KING: Thank you so much, Your Serene Highness Prince Albert of Monaco for joining us.

ALBERT: Thank you.

KING: We'll be back with more on LARRY KING LIVE right after this.


KING: She's an extraordinary journalist, Maria Shriver of NBC News, contributing anchor to "DATELINE", author of the best-selling children's book, "What's Heaven?" Back on the list again, by the way, due to the current crisis. And her new book is, "What's wrong with Timmie?" And that book also applies to the current terrible goings- on.

She's covered this terrorism story as well. And since NBC's been part of it, before we ask about the new book, how are things there at the network?

MARIA SHRIVER, NBC NEWS CORRESPONDENT: Well, I was just doing the "TODAY" show last week. And I would say that things are very calm. People are going about their business. Obviously I think on Monday, they were concerned when this happened on Friday. But everybody there, I think, is well read. They understand that it's not contagious. They understand what the real situation is, and they're moving about their business.

KING: Do you have any personal concerns about you?

SHRIVER: No, I'm trying not to. It's, you know, nothing that applies to me at this point. And I find that just being nervous about it doesn't get me anywhere. So I'm trying to concentrate on being a good mother during this time, taking time to talk to my kids, and reassure them. I'm out trying to do my job the best way I can. And I'm out talking about this book, which is, I think for many of us, this a learning opportunity for the whole country.

And so, you know, when I talk about the book, which is about a little boy who has a disability and about acceptance of differences, I'm trying to tell children that whether a child is disabled or whether a child has a different religion or a different ethnic background, it's all about acceptance of difference. And that's what's really important.

And I think for those of us who are parents, this is a moment to try to talk to our children about things that are important, talk to them about citizenship, talk to them about responsibility, about being a leader, about reaching out to someone who might be in a Special Ed class and making that effort to say, you know, I can be your friend.

KING: So Timmie could be a Muslim boy.

SHRIVER: In my book, Timmie is a little boy with mental retardation, but he could be anything, anybody different. And I think children are very astute when a child is different. Whether that child be in a wheelchair, whether that child be mentally retarded, whether that child be a Muslim, whether that child be an Arab, whatever, they know when someone is different. And they ask their parents.

KING: And what do you -- I know you did a special on dealing with children, right? In times of crisis?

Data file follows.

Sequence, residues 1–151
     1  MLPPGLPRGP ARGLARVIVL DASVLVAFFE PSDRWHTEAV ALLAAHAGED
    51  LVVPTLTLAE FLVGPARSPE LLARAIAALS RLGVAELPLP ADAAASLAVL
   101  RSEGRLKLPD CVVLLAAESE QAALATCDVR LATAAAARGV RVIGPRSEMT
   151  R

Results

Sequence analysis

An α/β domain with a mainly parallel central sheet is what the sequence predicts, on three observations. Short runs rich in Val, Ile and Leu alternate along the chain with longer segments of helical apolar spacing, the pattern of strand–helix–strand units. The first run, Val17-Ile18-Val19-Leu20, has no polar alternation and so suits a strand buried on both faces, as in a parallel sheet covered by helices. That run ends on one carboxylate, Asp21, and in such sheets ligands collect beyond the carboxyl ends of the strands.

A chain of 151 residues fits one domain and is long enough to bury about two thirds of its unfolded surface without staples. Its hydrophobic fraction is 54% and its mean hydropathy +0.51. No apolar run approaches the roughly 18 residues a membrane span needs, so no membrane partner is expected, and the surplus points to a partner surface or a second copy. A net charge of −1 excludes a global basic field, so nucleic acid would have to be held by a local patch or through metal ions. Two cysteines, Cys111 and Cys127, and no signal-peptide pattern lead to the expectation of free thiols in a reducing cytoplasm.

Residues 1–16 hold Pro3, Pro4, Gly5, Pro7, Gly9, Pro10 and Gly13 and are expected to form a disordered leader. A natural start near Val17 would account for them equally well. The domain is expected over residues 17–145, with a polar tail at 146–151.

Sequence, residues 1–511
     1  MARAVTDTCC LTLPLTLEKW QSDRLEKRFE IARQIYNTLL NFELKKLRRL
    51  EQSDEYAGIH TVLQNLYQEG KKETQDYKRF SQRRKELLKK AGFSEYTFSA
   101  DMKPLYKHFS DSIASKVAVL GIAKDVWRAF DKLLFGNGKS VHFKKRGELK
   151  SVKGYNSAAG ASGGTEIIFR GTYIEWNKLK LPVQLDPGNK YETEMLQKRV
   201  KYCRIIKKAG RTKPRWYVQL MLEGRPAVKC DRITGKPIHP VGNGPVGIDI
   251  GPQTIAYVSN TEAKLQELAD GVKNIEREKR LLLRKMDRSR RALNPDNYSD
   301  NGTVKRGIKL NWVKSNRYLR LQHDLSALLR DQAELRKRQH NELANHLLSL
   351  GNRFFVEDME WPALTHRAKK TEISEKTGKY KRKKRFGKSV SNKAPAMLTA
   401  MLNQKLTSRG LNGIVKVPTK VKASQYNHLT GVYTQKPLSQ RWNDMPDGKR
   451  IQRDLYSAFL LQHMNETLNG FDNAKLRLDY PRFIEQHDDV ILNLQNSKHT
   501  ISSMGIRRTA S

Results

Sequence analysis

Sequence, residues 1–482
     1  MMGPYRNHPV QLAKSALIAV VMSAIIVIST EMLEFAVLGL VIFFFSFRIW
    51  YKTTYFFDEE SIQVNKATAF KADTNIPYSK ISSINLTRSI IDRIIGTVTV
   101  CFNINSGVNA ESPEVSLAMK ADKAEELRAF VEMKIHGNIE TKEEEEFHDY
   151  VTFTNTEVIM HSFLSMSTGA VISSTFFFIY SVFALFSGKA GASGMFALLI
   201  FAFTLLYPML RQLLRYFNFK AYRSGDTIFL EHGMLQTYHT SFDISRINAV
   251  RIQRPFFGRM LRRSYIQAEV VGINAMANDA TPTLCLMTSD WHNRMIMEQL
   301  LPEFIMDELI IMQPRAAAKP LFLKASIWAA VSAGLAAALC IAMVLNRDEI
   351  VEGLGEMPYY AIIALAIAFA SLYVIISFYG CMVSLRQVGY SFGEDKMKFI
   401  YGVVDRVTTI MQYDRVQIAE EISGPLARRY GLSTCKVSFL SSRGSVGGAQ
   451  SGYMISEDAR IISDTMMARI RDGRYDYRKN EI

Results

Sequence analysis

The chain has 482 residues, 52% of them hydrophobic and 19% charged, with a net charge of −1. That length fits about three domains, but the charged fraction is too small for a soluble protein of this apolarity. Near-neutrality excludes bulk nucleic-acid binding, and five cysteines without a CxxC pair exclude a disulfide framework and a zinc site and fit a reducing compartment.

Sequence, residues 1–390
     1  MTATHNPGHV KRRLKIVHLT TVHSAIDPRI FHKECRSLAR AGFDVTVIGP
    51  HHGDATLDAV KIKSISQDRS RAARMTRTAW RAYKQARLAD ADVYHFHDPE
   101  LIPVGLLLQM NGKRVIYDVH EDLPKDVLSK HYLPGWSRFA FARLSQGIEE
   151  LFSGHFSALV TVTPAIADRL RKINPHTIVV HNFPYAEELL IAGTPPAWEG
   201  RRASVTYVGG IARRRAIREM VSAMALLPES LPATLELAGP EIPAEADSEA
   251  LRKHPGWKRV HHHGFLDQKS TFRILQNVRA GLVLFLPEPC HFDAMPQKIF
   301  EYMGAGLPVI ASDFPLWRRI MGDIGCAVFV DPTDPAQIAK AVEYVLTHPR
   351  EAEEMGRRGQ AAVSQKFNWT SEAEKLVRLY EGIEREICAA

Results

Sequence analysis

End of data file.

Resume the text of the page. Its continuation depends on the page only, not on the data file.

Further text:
SHRIVER: Well, I did. I did a piece on talking to your children, what to do with a child about being a role model.

KING: Now when children start looking at television, they see all pictures of Arabic-looking people in the turbans and the like. How do you teach them not to go out and hate? SHRIVER: Well I think you have to say that, you know, the majority of people from who are Arabs, the people who are Muslim, you talk to them that they're peace-loving people, that they're, you know, they want the same things in life. Like I talk in the book about Timmie wanting the same things in life that every other child wants. He wants to be loved. He wants to be included. He wants to be accepted. He wants to be invited to all the same parties.

And that applies to anybody, whether they be black, Arab, whether they be in a wheelchair or mentally retard, they want to be accepted. They want the same things out of life.

And I think it's our job as parents, to take this time, when our kids are asking questions, to slow down our lives enough to try to find out what are you thinking of? Are you bothered by something? If you see that image on the television, do you have any questions about it? And to explain to them that the vast majority of people in this world are good people, peace-loving people that that is what we have to concentrate on.

How did your kids deal with this?

SHRIVER: Well they had a lot of questions. Obviously, about it, they were concerned.

KING: What are their ages?

SHRIVER: They're 11, 10, 8 and 4. And obviously, the older ones were more concerned about it. And they saw me working more. So that made them more concerned. When I went to New York last week, they were concerned that something might happen to me.

So I tried to take time to say to them, look at, you know, Mommy's going to do her work. It's important that I go to do my work. Nothing's going to happen. It's safe now. If you have any questions, you know I will call you everyday. But I didn't want them to see me stopping what I do, and me succumbing to some fear, that I might have.

Even if I was anxious, I don't want to send that message to my kids. And I think that, you know, the President, everybody else is asking us to get on with our lives. And the way kids see us get on with our lives is by getting on with our lives.

KING: But they also see that with media coverage, they see the tumult going on, right? What do you think of coverage?

SHRIVER: Well I think -- I have to say that I have said in the past several weeks since this happened, I've been proud to be a journalist. And I've said that I haven't always been proud to be a journalist in the last 20 some years that I have been a journalist.